In the latter half of the 20th century, earth-scientists gradually became aware of the scale and effect of bombardment by meteoric material on Earth. Prior to 1950 only a handful of small craters were generally accepted as resulting from impact events. Now "certain" impacts number around 150, with four such features measuring over 100km in diameter. In this book, Neville Price evaluates the mechanisms that give rise to plate movements. Generally, such plates move slowly at about the rate of growth of human nails and their tracks are usually smooth, gentle curves. This text presents evidence to show that impacts can cause significant and dramatic changes in track, which cannot be explained by current theories of plate tectonics. It also demonstrates that such major impact events often coincide with the development of continental flood basalts and oceanic plateau basalts and frequently coincide with major stratigraphic stage boundaries and toxicity, which in turn can be associated with periods of extinction.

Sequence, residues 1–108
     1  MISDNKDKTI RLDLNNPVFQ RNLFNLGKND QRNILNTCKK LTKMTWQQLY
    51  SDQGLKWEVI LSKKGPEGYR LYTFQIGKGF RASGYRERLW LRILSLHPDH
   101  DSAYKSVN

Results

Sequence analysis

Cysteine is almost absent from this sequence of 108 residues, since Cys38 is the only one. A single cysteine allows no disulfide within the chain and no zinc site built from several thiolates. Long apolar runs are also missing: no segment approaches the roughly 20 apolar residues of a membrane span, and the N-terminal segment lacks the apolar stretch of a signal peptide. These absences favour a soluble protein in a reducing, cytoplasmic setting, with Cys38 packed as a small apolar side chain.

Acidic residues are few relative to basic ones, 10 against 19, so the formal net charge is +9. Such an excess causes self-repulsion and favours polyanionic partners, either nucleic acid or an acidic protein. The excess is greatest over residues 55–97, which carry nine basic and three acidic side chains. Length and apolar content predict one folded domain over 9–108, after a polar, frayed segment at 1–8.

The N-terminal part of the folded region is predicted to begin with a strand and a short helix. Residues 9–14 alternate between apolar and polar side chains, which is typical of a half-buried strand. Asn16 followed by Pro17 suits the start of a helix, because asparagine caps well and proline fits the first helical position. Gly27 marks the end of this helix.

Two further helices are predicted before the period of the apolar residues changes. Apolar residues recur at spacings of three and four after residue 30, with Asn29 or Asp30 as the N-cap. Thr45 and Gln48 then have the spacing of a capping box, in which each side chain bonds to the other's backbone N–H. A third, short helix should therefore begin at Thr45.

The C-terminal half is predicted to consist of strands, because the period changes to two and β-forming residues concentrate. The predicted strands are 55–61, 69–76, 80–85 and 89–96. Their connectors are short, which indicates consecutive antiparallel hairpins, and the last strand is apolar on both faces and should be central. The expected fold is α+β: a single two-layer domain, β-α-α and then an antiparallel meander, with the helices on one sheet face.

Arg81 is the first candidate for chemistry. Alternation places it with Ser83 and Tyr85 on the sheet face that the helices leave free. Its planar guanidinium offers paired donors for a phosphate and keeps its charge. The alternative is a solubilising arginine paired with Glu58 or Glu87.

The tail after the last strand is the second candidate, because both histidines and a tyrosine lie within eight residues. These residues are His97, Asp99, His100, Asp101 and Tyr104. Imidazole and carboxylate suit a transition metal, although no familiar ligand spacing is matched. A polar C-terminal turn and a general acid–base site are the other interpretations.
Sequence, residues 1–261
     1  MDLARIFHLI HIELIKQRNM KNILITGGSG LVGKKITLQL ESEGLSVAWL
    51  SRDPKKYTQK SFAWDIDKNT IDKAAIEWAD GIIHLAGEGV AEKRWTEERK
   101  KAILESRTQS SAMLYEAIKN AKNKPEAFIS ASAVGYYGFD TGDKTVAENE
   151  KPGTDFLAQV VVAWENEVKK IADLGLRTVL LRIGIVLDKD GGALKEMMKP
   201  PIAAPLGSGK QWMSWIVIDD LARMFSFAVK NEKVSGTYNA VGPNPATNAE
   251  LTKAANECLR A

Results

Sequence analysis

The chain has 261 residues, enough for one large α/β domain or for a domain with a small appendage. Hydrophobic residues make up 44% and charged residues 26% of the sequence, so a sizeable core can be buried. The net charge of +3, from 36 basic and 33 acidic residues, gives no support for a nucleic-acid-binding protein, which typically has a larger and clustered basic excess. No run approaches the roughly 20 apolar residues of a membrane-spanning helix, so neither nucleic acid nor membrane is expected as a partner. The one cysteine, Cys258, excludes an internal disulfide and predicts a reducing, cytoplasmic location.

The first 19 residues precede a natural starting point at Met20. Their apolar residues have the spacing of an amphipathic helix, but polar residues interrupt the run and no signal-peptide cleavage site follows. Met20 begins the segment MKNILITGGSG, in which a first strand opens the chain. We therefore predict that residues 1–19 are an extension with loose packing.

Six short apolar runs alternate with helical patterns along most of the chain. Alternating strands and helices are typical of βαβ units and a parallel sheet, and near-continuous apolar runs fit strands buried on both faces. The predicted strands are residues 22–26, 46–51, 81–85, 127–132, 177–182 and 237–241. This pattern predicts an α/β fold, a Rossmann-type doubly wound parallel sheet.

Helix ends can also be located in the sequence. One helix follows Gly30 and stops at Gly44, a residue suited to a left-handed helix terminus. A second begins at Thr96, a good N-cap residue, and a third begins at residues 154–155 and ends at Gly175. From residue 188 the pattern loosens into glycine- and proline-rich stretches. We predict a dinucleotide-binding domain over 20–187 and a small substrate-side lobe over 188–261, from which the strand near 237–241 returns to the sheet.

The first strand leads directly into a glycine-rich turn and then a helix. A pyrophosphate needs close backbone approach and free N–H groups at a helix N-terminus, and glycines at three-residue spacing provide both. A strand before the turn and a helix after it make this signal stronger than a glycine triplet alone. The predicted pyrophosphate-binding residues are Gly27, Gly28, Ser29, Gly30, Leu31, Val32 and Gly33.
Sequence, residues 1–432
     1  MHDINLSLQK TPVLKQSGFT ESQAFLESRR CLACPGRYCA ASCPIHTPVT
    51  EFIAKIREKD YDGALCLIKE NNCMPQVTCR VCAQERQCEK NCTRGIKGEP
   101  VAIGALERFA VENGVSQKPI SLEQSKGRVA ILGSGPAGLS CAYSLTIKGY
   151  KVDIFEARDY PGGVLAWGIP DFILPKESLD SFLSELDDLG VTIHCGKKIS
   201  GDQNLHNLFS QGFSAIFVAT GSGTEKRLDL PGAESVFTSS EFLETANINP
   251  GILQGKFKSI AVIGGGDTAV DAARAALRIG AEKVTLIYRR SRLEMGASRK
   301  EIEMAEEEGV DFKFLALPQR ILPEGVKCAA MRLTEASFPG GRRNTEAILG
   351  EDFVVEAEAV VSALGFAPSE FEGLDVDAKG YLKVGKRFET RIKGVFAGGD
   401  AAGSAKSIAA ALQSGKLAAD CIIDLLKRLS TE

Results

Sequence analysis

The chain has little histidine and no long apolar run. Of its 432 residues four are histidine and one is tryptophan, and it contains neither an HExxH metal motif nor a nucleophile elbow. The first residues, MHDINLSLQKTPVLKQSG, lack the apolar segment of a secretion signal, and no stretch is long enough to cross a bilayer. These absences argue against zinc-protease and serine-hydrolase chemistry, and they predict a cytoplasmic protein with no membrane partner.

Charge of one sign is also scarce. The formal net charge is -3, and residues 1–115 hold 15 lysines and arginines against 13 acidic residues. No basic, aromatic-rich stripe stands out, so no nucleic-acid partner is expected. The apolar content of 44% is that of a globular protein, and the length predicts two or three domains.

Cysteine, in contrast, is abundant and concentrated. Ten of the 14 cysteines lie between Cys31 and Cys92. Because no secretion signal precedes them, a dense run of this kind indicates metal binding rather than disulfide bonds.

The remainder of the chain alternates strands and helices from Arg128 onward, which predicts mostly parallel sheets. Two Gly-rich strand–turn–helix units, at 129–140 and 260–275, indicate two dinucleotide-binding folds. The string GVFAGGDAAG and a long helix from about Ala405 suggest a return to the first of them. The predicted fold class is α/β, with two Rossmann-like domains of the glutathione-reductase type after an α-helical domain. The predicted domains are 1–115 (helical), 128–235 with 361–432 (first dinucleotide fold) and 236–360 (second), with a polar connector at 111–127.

It concludes that geological history comprises periods of relatively orderly, evolutionary change in Earth and life-forms punctuated by catastrophic changes induced by major impacts that reset the evolutionary clock.